For eleven years my mother’s classmate Delia had languished in a forced-settlement ‘exile village’ in a remote part of the Urals. Stalin’s NKVD (a forerunner of the KGB) had come for her and her parents in the early hours of 14 June 1941, eight days before Hitler broke the terms of the Non-Aggression Pact with his ally Stalin and, in an abrupt betrayal, went to war with Russia. Delia’s father, as head of Tallinn port authorities, was, in the standard epithet, a capitalist ‘blood-sucker’ and, as such, executed. Delia herself had been arrested not for what she had done, but for who she was: she was an eleven-year-old ‘enemy of the people’.

Leaving the harbour, I walked into town in the direction of the Soviet high-rise Hotel Viru. The lobby teemed with Russian money-changers (“Comrade, we do deal?”) and prostitutes. From the restaurant on the 22nd floor I was able to survey Tallinn at night. There was a certain beauty in the view, as there is in all cities after dark. Through the plate-glass windows the red star could be seen fizzing over the central railway station, with, close by, the illuminated Lutheran churches and the toy fort-like turrets of Danish castles.

Delia and her family had been put on a cattle train and sent to collective farms – kolkhozes – in eastern Russia. The Soviets were in a hurry to decapitate any resistance or attempts by Estonians to regain their brief-lived independence before the Germans arrived, as they would in July 1941. Factory owners, politicians and army officers had been eliminated first; the NKVD rounded up, imprisoned or deported the unsuspecting remnant. My mother had been due to meet Delia that ‘awful June day’, as she described it. Instead, she watched very much afraid as Stalin’s deportation trucks were seen to move out of Tallinn.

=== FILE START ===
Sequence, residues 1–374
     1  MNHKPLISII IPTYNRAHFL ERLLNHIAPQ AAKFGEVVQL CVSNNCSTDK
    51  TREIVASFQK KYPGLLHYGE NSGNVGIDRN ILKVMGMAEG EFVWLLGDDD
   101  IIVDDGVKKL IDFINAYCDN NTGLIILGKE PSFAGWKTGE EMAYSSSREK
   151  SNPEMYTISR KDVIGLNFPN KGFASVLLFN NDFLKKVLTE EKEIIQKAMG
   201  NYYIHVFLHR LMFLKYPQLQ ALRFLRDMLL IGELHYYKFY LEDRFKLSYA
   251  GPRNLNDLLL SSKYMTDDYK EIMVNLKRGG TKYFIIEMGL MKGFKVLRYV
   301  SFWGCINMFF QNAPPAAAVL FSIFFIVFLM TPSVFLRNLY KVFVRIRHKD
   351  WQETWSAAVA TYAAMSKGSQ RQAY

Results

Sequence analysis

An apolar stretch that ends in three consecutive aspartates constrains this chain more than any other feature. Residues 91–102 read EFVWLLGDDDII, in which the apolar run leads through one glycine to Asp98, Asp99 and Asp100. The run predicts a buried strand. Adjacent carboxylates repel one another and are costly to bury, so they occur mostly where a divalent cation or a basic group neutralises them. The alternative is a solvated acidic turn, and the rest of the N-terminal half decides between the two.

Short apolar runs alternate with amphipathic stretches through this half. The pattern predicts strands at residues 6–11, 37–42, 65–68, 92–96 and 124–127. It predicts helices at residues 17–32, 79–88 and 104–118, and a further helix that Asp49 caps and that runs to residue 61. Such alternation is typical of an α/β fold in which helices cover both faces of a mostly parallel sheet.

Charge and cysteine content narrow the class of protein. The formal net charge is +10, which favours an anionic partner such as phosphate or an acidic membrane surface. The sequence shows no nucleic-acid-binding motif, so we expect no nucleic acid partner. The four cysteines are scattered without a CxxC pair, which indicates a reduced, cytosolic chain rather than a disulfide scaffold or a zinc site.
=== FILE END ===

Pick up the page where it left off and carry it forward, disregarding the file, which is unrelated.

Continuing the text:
Now, half a century on, it was my turn to meet Delia. I found her in one of the Soviet tenements that rise like gigantic concrete dominoes to the east of the Old Town. Her address – 14 Builders Road (Ehitajate Tee) – was typically Soviet-proletarian. A smell of urine hung in the stairwell. I climbed the stairway to flat number 22 and knocked. The door opened a crack; I noticed first a pale face with clear blue eyes like a child’s. My mother had not seen those eyes since 1941. The door opened wide. ‘I know who you are! You have your mother’s eyes.’

We shook hands as if it was a courtesy to be got though before the important business. A striking if worn-looking woman in her mid sixties, Delia spoke in nervous bursts of energy. ‘Wait! Wait! Look! Look!’ Black and white photographs were removed from an old shoe-box, some of them water-stained and sticky to the touch. One showed a girl standing under a Christmas tree — a ritual tolerated in Soviet-atheist Tallinn in 1940 only as a “New Year’s Fir” (the decorative angels were ‘year-end winged creatures’). That girl was my mother. In another photograph, Delia had one arm round the same girl in the garden of a house on Tartu Road, Tallinn. The girls, decorously attired, seemed to resemble each other, like sisters, with a shared expression of a faint, self-conscious glumness.